From the New York Times Magazine, Terrance Hayes’s Poem column: “Too Many Cooks Spoil the Broth” (in print 5/6, on-line 5/4), by Aimee Nezhukumatathil:

Too many needles spoil the cloth.
Too many parrots spoil the talk.
Too many chapped lips spoil the gloss.
Too many teasel burs spoil the paw.
Too many bubbles spoil the froth.
Too many doorbells spoil the knock.
Too many seeds spoil the floss.
Too many feathers spoil the claw.
Too many lightbulbs spoil the moth.
Too many holes spoil the sock.
Too many sunbeams spoil the moss.
Too many kisses spoil the jaw.
Too many wolves spoil the flock.
Too many necks spoil the block.

All edgy domesticity until the end, when ravening wolves and beheadings erupt.

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The roar of the reporter, the sound of the comics

May 5, 2018

Today’s Bizarro/Wayno collaboration:

(#1) (If you’re puzzled by the odd symbols in the cartoon — Dan Piraro says there are 6 in this strip — see this Page.)

Tintin, the reporter and adventurer in the comics, suffers from tinnitus. tintinnitus: portmanteau in form, hybrid in semantics.

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Deacccenting

March 26, 2018

Coming past me every so often on tv, a commercial for the Car Gurus company, in which the pronunciation of the company name varies from a clear car gurus, [ˈkarˌguruz], with a secondary accent on the first syllable of gurus, to something like cargaroos, [ˈkargəruz], with this syllable unaccented and its vowel reduced to schwa — indeed, including the intermediate variant [ˈkargʊruz], with that syllable deaccented and its vowel laxed but not reduced to schwa.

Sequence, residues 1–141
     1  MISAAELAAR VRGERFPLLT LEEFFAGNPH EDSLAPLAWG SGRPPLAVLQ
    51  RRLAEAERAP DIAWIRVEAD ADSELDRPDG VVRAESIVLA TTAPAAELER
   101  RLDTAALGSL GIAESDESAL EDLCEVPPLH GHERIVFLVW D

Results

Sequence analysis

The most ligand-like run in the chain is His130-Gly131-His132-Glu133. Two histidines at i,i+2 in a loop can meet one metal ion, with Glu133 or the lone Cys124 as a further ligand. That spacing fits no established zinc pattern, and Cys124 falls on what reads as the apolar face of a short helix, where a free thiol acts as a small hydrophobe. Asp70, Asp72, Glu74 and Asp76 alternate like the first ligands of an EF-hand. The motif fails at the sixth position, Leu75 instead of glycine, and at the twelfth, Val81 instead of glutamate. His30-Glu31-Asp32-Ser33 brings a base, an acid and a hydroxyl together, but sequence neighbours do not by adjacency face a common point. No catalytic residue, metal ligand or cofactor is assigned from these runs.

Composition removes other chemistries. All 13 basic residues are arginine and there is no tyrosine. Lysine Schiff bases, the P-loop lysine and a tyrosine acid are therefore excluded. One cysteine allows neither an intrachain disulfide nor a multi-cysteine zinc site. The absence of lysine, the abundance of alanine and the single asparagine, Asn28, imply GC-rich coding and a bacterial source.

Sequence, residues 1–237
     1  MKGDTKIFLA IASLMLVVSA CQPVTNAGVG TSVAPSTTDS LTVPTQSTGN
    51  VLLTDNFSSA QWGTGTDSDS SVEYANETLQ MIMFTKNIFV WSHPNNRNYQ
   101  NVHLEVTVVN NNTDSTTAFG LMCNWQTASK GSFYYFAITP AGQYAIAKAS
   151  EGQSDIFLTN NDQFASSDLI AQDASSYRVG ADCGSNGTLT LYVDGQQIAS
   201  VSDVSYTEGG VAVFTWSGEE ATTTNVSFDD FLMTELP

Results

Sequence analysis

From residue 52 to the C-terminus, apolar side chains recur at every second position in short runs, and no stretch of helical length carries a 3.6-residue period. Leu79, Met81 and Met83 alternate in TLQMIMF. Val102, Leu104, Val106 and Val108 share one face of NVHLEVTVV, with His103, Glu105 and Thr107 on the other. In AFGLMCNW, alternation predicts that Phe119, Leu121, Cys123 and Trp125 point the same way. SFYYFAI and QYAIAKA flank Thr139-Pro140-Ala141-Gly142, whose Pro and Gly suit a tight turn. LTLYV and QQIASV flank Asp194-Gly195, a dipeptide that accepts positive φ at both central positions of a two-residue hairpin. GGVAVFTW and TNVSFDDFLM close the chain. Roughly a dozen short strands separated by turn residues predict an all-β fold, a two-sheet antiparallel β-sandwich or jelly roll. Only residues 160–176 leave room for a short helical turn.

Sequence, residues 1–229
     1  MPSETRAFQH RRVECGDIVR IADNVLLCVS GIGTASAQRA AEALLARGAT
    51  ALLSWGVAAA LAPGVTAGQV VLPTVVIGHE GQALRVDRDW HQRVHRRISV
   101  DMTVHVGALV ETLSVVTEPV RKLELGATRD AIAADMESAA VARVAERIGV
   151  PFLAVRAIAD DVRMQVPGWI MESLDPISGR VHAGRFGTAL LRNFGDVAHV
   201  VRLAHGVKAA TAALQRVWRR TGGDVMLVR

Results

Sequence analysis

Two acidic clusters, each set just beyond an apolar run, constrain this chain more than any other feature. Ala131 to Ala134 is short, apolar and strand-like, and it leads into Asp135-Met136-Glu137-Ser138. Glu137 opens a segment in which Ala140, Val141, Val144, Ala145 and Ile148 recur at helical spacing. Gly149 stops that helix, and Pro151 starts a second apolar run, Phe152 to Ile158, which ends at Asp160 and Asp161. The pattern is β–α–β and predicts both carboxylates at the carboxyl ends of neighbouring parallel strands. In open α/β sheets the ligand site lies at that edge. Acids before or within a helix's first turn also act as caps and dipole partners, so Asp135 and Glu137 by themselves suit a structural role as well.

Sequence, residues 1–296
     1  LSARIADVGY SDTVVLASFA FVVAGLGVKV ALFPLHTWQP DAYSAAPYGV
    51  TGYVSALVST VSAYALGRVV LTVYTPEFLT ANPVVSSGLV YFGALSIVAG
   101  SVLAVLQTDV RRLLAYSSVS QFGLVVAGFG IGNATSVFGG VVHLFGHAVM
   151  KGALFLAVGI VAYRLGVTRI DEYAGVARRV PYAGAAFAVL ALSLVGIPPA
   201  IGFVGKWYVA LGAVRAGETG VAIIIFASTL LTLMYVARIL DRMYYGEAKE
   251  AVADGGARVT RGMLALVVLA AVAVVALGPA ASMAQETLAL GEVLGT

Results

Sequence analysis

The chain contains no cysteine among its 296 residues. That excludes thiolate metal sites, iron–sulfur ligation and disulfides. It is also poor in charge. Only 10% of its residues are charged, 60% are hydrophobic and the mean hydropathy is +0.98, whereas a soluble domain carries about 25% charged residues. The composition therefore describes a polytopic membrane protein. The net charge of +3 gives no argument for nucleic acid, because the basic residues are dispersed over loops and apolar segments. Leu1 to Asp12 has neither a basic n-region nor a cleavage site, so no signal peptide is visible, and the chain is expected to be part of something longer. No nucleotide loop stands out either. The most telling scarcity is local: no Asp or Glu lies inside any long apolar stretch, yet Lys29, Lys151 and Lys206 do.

My ears perked up at the pronunciations with deaccented second element, because they sounded so odd — because they effaced the identity of the guru component of the name, which is surely semantically important to the image of the company, which proposes to offer gurus, in this sense from NOAD:

noun guru: an influential teacher or popular expert

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In the neighborhood, with an O

May 28, 2017

I wander the streets of Palo Alto, on foot or in a car, with my helpers Kim and Juan, and they ask about the flowers that line the streets, especially, at eye level, showy shrubs and low-growing flowers. Many of them are entirely familiar, like roses and geraniums, but some are exotic, at least to Kim and Juan. Lots of the exotics are now in bloom, including two with names that begin with the letter O, two that are growing right out my back door: Nerium oleander, oleander; and Oenothera speciosa, Mexican primrose or pink evening primrose. (Spelling note: oleander begins with O, pronounced /o/; oenothera begins with OE, pronounced /i/.)

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Special counsel appointed

May 19, 2017

Informed opinion has been very positive about the appointment of Mueller as special counsel to investigate allegations in the semolina affair. Commenters are generally agreed that Mueller is a respected authority in such matters, with a long public career in the field and experience in both semolina matters and the byzantine world of elbow-cheese casseroles.